We truly appreciate the value of something when we are deprived of it – either temporarily or irrevocably. Owing to a recent accident, I was compelled to say my prayers while sitting down, and like many others who are unable to bow down due to physical disabilities or old age, I realized the value of one of the pillars of prayer which many of us tend to rush through or neglect in ordinary circumstances: the Ruku’ (bowing/genuflection).
Obligation of Ruku’
The acts of bowing and prostrating in prayer are commanded in the Qur’an and made obligatory upon the believers:
“O you who believe! Bow down and prostrate yourselves and serve your Lord.” (Qur’an, 22:77)
“Behold! The angels said: ‘O Mary! Allah has chosen you and purified you – chosen you above the women of all nations. O Mary! Worship your Lord devoutly: Prostrate thyself, and bow down (in prayer) with those who bow down.’” (Qur’an, 3:42-43)
In a Hadith (narration) the Prophet ﷺ advised “the one who prayed badly”, saying, “Indeed, the prayer of one of you is not complete until he makes an excellent ablution as Allah has commanded him to … then he celebrates Allah’s greatness, praises and glorifies Him, then recites the Qur’an as much as is easy for him from what Allah has taught him and allowed him, then says Takbeer (Allahu-Akbar) and makes Ruku’ (and places his hands on his knees) until his joints are at ease and relaxed.” (Abu Dawood and An-Nasai’)
In another narration, Abu Qatadah (may Allah be pleased with him) related that the Prophet ﷺ said, “The worst people are the thieves who steal part of the prayer.” He was asked how this was done, and he replied, “The one who does not complete his bowings and prostrations,” or he said, “The one who does not straighten his back during his bowings and prostrations.” (Ahmad, At-Tabarani, Ibn Khuzaimah and Al-Hakim)
Abu Mas’ud Al-Badri (may Allah be pleased with him) reported that the Prophet ﷺ said, “The prayer of one who does not straighten his back in his bowing and prostration is not accomplished.” [Narrated by “the five,’’ [narrators] and Ibn Khuzaimah, Ibn Hibban, at-Tabarani and al-Baihaqi]
The Companion Hudhayfah Bin Yaman (may Allah be pleased with him) saw someone who did not straighten his back during his bowings and prostrations, and told him, “You have not prayed. And if you were to die, you would not die on the way of Allah and His Messenger.” (Al-Bukhari)
Prophet’s manner of Ruku’
In The Prophet’s Prayer Described, the Prophet’s manner of performing Ruku’ is narrated thus:
- “He would place his palms on his knees”, and “would order them (his Companions) to do likewise.”
- “He would put his hands firmly on his knees (as though he were grasping them).”
- “He would space his fingers out”, ordering “the one who prayed badly” likewise, saying: “When you make Ruku’, place your palms on your knees, then space your fingers out, then remain (like that) until every limb takes its (proper) place.”
- “He used to spread himself (i.e., not be in a compact position), and keep his elbows away from his sides.”
- “When he made Ruku’, he would spread his back and make it level, such that if water were poured on it, it (the water) would stay there (i.e., not run off).”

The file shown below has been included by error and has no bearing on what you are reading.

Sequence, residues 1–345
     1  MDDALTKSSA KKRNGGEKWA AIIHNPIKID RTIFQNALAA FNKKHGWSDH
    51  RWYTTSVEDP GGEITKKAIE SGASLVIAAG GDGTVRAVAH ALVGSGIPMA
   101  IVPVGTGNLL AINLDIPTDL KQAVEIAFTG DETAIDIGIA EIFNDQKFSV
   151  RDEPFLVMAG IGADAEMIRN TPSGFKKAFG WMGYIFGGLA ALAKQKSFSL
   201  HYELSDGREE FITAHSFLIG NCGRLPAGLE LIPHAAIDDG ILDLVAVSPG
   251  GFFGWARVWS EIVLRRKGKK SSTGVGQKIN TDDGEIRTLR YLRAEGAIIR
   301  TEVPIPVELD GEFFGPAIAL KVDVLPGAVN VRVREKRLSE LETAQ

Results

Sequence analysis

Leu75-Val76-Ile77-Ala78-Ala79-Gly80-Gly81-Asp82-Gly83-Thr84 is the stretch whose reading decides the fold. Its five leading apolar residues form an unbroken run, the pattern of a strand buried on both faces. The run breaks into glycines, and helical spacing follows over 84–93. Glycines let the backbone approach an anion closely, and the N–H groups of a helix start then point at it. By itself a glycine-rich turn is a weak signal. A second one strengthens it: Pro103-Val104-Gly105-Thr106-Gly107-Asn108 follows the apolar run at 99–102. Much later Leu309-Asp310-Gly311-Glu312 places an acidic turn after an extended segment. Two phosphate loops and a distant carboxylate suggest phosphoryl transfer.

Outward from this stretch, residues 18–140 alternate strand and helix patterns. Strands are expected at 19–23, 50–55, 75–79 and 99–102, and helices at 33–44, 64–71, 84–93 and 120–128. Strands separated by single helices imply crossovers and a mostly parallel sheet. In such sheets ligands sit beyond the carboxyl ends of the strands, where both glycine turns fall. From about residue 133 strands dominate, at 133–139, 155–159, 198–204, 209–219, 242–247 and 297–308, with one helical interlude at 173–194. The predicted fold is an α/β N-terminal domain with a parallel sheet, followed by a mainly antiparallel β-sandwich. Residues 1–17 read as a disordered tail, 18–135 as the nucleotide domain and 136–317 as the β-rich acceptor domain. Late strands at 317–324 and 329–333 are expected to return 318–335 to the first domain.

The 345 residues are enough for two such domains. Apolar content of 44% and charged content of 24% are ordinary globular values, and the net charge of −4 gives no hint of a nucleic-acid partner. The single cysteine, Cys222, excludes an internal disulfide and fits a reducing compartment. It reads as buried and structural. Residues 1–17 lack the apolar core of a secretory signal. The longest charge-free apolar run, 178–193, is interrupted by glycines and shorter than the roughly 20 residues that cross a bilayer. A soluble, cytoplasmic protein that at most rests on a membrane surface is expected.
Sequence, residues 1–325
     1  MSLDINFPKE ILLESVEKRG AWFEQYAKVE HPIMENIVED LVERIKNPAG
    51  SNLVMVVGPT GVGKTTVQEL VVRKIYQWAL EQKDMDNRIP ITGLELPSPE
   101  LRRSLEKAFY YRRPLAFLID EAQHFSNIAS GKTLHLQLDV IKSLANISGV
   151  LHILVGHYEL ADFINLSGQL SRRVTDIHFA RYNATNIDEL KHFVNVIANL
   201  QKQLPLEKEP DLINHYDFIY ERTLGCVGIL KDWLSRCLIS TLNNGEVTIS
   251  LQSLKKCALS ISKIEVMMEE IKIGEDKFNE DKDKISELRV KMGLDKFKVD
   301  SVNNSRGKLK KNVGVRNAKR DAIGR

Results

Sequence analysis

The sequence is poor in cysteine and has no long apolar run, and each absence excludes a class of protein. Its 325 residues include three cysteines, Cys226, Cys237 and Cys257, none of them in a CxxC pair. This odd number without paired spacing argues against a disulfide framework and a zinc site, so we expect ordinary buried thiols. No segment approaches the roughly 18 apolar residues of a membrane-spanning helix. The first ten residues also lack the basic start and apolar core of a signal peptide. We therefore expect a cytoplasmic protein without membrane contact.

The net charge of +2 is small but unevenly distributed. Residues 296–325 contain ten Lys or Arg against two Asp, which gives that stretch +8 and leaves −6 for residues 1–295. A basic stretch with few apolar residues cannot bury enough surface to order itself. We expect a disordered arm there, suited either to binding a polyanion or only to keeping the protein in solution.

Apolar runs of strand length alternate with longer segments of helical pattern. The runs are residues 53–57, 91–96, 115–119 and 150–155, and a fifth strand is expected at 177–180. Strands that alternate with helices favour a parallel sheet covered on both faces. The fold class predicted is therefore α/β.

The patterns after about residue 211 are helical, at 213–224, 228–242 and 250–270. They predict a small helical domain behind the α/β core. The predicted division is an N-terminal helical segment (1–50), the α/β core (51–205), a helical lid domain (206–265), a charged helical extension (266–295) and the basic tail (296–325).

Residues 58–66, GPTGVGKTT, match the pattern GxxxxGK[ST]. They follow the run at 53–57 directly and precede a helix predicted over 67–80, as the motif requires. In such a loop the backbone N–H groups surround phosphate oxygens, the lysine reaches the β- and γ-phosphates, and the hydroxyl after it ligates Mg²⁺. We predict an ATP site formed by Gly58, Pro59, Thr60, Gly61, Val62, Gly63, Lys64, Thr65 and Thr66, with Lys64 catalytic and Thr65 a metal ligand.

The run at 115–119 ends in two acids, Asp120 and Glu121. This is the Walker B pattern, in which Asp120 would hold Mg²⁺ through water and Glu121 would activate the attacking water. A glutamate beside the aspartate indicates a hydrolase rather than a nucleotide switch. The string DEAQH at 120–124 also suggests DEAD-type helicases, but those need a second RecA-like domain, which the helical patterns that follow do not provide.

- He also said to “the one who prayed badly”, “When you make Ruku’, put your palms on your knees, spread your back (flat) and hold firm in your Ruku’.”
- “He would neither let his head droop nor raise it (i.e. higher than his back)”, but it would be in between.
- “He used to make his Ruku’, his standing after Ruku’, his Sujood (prostration), and his sitting in between the two Sajdas (prostrations), nearly equal in length.”
Inner dimensions of Ruku’
In Ihya Ulum Ad-Din, in the Book of Prayer, Abu Hamid Al-Ghazali (may Allah have mercy upon him) writes, “Ruku’ and Sujud (prostration) are accompanied by a renewed affirmation of the supreme greatness of Allah.
“In bowing you renew your submissiveness and humility, striving to refine your inner feeling through a fresh awareness of your own impotence and insignificance before the might and grandeur of your Lord. To confirm this, you seek the aid of your tongue, glorifying your Lord and testifying repeatedly to His supreme majesty, both inwardly and outwardly.”
While researchers today are slowly making the connection between prayer and physical and spiritual health, Ibn Al-Qayyim (may Allah have mercy upon him) wrote about it centuries ago in Za’ad Al-Ma’ad:
“Prayer has an amazing effect on the health of the body and heart, and in strengthening them and expelling harmful toxins from them. No two people have been afflicted with any disability, disease, or other calamity, except that the portion of the one who prays, is less (harmful) and his outcome is better.
Prayer also has an astounding effect on the evils of the Dunya (worldly life), especially when the prayer is performed properly and perfectly, inwardly and outwardly. Nothing keeps the evils of the Dunya at bay and brings on the benefits of it like prayer.
The reason behind this is that prayer is one’s connection to Allah, the Mighty and Majestic. So based on the strength of a person’s relationship with his Lord, the doors of goodness will accordingly be opened up for him, bad things and the reasons for them befalling him will be cut off, and the elements of success granted by His Lord, will begin pouring in…”
Words that should give those of us who rush through prayer, pause for thought.